Tan Qindong, an anaesthesiologist, had been jailed for three months for his criticism of a cure-all tonic targeted at retirees
A Chinese physician who spent almost 100 days in jail for criticising Chinese traditional medicine has issued an apology for “not thinking clearly”.
Tan Qindong, an anaesthesiologist in Guangzhou, emerged as a public hero earlier this year for going up against a traditional Chinese medicine company over its marketing of a tonic to Chinese retirees. He was detained for three months before being released on bail in April, in a case that sparked outcry among Chinese doctors and the general public.
Hongmao Pharmaceutical, the maker of the tonic, said in a statement on Thursday it is dropping its lawsuit against Tan. The doctor published an apology earlier on Thursday for “not thinking clearly” about the words he used in a December essay describing Hongmao’s tonic as “poison”.
“After research, our company decided to accept Tan’s apology. At the same time, our company withdraw the case from Liangcheng’s public security bureau, and withdraw the suit from People’s court in Liangcheng county,” Hongmao said, referring to the county in Inner Mongolia where the company is based.
In Tan’s December essay, which circulated widely on the social media platform WeChat, Tan cautioned that the curative abilities of Hongmao’s tonic’s were unclear at best and could actually harm those with diabetes or high blood pressure.
Hongmao’s “medicinal liquor” contains more than 60 kinds of herbs and animal products. It is advertised as a cure for everything from rheumatism to kidney dysfunction, joint pain, and Alzheimer’s disease.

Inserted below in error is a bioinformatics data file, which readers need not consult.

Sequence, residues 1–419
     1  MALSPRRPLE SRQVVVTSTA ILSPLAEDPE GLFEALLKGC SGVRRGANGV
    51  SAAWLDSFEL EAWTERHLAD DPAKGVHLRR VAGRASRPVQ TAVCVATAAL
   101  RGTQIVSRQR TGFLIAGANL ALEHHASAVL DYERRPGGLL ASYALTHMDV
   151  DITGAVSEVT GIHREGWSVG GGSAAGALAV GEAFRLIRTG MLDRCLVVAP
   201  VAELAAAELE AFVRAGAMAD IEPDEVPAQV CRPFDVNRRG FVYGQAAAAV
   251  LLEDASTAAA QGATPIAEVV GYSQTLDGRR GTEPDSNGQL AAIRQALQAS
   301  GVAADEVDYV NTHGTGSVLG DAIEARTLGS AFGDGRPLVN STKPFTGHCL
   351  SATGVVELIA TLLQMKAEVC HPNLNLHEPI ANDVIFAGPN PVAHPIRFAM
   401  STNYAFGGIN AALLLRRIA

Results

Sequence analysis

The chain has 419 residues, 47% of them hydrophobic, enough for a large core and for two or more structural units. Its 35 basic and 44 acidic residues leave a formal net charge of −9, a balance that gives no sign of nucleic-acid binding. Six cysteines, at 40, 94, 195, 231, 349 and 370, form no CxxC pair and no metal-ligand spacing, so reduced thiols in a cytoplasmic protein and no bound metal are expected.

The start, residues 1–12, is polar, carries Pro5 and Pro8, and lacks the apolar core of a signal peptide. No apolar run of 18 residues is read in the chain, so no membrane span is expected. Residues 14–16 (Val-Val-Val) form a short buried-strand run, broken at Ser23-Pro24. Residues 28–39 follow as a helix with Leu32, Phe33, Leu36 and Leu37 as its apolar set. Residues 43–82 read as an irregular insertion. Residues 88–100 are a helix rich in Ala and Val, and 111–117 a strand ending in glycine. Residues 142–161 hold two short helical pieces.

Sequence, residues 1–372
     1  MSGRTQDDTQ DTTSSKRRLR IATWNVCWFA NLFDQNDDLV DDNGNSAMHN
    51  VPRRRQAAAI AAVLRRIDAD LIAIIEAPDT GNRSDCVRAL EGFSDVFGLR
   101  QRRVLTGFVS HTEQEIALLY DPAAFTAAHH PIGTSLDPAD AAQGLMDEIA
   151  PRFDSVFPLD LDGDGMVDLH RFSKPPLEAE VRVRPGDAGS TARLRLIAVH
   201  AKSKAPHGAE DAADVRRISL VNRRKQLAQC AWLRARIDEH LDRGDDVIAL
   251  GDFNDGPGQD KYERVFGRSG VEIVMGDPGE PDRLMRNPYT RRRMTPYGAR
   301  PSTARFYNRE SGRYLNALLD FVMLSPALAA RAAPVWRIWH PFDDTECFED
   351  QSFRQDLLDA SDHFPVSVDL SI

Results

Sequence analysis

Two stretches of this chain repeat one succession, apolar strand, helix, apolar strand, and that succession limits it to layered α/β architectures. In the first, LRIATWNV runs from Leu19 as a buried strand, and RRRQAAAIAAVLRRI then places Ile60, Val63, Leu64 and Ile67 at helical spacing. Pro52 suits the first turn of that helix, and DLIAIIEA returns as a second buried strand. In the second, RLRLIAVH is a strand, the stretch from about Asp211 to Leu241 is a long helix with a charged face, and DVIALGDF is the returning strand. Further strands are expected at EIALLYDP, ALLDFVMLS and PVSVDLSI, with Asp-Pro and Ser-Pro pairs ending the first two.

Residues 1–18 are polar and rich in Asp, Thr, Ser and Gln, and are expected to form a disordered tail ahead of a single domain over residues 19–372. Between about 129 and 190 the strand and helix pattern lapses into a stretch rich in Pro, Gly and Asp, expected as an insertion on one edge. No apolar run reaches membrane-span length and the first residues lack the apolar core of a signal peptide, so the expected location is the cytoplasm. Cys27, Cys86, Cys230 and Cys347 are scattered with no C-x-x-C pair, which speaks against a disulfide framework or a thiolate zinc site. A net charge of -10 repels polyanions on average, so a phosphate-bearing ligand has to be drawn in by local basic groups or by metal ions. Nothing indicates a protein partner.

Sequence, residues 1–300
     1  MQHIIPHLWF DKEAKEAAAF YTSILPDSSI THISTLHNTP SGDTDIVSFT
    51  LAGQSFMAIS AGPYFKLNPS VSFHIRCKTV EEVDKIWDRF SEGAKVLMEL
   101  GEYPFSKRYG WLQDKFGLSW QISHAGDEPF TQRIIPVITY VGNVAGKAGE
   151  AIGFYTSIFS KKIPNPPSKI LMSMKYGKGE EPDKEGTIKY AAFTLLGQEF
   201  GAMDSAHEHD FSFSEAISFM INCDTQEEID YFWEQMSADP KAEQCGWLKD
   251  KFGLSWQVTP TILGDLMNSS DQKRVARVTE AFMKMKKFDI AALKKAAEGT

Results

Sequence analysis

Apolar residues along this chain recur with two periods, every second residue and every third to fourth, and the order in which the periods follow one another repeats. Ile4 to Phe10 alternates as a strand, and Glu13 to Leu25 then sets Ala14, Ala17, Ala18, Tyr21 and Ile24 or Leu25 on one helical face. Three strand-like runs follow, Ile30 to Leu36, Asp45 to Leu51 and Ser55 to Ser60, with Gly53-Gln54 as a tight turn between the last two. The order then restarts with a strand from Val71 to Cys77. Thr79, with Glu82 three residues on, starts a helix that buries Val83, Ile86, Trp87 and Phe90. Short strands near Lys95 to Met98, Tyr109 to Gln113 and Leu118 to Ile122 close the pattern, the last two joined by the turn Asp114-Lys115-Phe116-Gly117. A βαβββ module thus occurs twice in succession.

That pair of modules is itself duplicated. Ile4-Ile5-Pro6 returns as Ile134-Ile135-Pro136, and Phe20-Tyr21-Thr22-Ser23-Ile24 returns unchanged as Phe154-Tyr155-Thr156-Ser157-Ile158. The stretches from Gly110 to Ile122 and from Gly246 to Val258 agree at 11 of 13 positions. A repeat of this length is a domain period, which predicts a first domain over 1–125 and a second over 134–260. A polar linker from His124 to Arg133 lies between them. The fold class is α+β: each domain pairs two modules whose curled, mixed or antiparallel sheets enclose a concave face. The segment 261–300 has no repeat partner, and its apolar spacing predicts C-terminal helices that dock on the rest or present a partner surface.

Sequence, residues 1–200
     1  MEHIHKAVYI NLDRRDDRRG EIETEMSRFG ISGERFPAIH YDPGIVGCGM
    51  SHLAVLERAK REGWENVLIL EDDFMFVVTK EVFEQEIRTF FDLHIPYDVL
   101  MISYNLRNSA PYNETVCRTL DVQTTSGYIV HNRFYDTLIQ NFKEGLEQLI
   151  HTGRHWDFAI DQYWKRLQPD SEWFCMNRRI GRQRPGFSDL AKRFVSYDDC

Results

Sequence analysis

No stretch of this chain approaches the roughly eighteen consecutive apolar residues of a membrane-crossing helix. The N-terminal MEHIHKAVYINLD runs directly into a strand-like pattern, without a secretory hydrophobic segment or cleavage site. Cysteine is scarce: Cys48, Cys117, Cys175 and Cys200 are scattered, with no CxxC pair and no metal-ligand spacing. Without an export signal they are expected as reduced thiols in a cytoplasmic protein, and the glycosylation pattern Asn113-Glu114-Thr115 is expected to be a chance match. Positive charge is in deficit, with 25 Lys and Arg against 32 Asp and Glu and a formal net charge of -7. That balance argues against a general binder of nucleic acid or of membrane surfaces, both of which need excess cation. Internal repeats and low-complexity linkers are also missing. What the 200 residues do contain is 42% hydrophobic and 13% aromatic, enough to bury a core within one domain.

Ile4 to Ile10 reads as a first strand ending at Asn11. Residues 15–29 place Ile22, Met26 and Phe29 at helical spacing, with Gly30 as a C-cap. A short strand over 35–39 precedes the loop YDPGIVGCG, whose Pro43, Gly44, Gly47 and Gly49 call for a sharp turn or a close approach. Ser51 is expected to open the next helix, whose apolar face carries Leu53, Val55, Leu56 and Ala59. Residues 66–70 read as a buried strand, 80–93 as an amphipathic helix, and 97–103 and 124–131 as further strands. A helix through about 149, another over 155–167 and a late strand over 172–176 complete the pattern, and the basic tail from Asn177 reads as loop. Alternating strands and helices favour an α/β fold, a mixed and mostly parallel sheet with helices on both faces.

China’s traditional Chinese medicine industry is growing, with support from the central government, even as it has come under scrutiny from researchers.
Tan’s case is also a rare win for public opinion and criticism of close links between local police and businesses. Tan was detained at home and taken more than 2,735.8km to Inner Mongolia. He was charged for violating a little-used part of China’s criminal code that bars the fabrication or spread of claims that seriously damage a company’s reputation. But a Chinese court ordered his release.
After his release Tan told Caixin, a Chinese financial news publication, he did not regret writing the article or going to prison, “It taught me how to interact with all sorts of people, and also taught me how precious freedom is. I’ve learned to cherish the present … I suppose this was just one of life’s trials.”
Still, Tan appears to have suffered from the experience. Last week, his mother posted on the microblog Weibo that Tan was suffering from PTSD and had been hospitalised.